3

How do I customise Bash so that up and down keys are the same as in cmd?

E.g.

$echo command1
$echo command2
$echo command3
$echo command4

In both Bash and cmd, pressing , , , ENTER will run echo command2.

However, subsequently pressing the down-key in cmd will go straight to the command afterward, i.e. echo command3. Pressing the down-key in Bash does nothing. cmd keeps point-in-time history (similar to the Back and Forward buttons in a web browser), but Bash doesn't.

Similarly with cmd, pressing the up-key twice in cmd brings back echo command1, whereas doing this in Bash returns echo command3.

There are many times when I wish to excuse some chain of commands which I previously entered in order. It's really handy in cmd that I can scroll back through history to the first of the sequence and then, , ENTER, , ENTER, , ENTER...

However I cannot find a similar way to do this in Bash. Is it possible to modify ~/.inputrc or some other file in some way to achieve this?

2

Although personally I would not want to do it as I've got used to the bash history, but I can see why people would want to. I have looked into this before, for a colleague at work, who was new to *nix and wanted DOS-like functionality in an xterm, and then, as now, there does not appear to be a solution.

I have just done another extensive search, and can't find anything obvious, apart from:

Strangely, there are plenty of ways to make cmd more bash like, for example, Bash History-like feature for Windows Command Prompt, but sadly not the other way around.

The main problem is, to put it (overly) simply, that the cursor key functionality (and how it interacts with the history) is built into the Bash source code, and scripting, aliases and shell functions can not override that fact1. What you would require is a rewritten bash, with different [switchable?] cursor key functionality built in to it, a sort of "DOSBash", if you will.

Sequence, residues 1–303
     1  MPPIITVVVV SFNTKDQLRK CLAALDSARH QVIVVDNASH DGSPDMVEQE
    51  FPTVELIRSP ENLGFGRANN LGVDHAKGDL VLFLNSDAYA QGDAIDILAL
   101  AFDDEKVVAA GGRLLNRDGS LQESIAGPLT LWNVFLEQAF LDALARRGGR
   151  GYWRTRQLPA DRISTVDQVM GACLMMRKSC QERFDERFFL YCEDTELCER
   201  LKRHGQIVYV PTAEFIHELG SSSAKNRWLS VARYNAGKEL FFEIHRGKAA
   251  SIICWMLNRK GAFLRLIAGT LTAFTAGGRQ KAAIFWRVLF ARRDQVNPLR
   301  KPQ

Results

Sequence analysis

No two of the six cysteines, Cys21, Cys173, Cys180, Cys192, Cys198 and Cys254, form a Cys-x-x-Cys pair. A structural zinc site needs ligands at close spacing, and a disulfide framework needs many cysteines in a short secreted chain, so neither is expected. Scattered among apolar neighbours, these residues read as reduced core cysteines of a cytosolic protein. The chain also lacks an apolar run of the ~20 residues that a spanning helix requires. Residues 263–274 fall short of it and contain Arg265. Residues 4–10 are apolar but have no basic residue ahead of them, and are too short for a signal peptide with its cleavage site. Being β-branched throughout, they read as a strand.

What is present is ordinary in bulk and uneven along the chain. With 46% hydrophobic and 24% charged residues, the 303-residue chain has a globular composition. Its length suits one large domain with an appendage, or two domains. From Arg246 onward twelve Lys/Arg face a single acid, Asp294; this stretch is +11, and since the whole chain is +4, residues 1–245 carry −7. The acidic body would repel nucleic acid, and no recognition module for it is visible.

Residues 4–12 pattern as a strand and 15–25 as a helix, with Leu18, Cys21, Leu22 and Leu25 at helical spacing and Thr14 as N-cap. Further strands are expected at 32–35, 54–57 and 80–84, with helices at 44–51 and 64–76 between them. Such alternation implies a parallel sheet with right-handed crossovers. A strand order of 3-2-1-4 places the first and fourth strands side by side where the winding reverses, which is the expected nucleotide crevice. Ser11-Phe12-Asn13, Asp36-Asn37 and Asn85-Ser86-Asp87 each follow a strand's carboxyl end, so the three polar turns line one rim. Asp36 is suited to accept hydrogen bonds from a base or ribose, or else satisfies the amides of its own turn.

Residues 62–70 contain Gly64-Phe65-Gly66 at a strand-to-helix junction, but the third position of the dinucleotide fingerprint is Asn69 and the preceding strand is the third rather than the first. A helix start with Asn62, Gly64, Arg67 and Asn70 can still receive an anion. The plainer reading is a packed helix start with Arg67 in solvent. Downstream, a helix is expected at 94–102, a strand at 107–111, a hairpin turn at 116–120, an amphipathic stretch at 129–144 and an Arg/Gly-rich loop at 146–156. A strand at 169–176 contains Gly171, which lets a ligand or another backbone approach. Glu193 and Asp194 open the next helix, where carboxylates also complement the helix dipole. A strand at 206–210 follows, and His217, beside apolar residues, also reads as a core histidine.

Maybe there is the opportunity of a niche market being catered for, and someone will eventually fulfill that need, but I wouldn't hold your breath.


1 If I am incorrect, and it is possible to override the cursor key functionality by a simple resource file change, I would be delighted if someone could put me straight.

  • Thats a good edit, it makes this a much more useful answer :) Don't forget to tag users in a comment when you edit after there comments, if you don't we might forget to come back and change our votes. – Mark Kirby Mar 31 '16 at 21:59
0

The trick I use, such as it is, is to simply repeat the same number of :

$ echo command1
$ echo command2
$ echo command3
$ echo command4

If I want to repeat the sequence from echo command 2 to echo command4, I just hit 3 times to get to echo command2, and then 3 times again to get to echo command3 and 3 times again for echo command4.

So, if you've gone back N items in your history by hitting N times, hitting it N times again will get you to the next command each time because the new one you ran has been inserted.

  • The trick I use, such as it is, is to simply repeat the same number of ↑: – deejbk Apr 4 '16 at 10:07
  • >The trick I use, such as it is, is to simply repeat the same number of ↑: Yes, while that is a valid method, it can be very annoying having to do that if the sequence was last run like 27 commands ago, or even 100 commands ago etc >The main problem is, to put it (overly) simply, that the cursor key functionality (and how it interacts with the history) is built into the Bash source code, and scrip... I understand that modifying /etc/inputrc can change the functionality of ↑ to allow partial search to be done, a very hand feature which I like, is there a similar modification perhaps? – deejbk Apr 4 '16 at 10:13
  • @deejbk yes, this is not a solution, only a limited workaround. Bash has all sorts of nifty features for this though. They just don't involve using the up key. Have a look at spsneo.com/blog/2009/09/19/bash-history-tips-and-tricks and howtogeek.com/howto/44997/… for example. Do those help? – terdon Apr 4 '16 at 10:23

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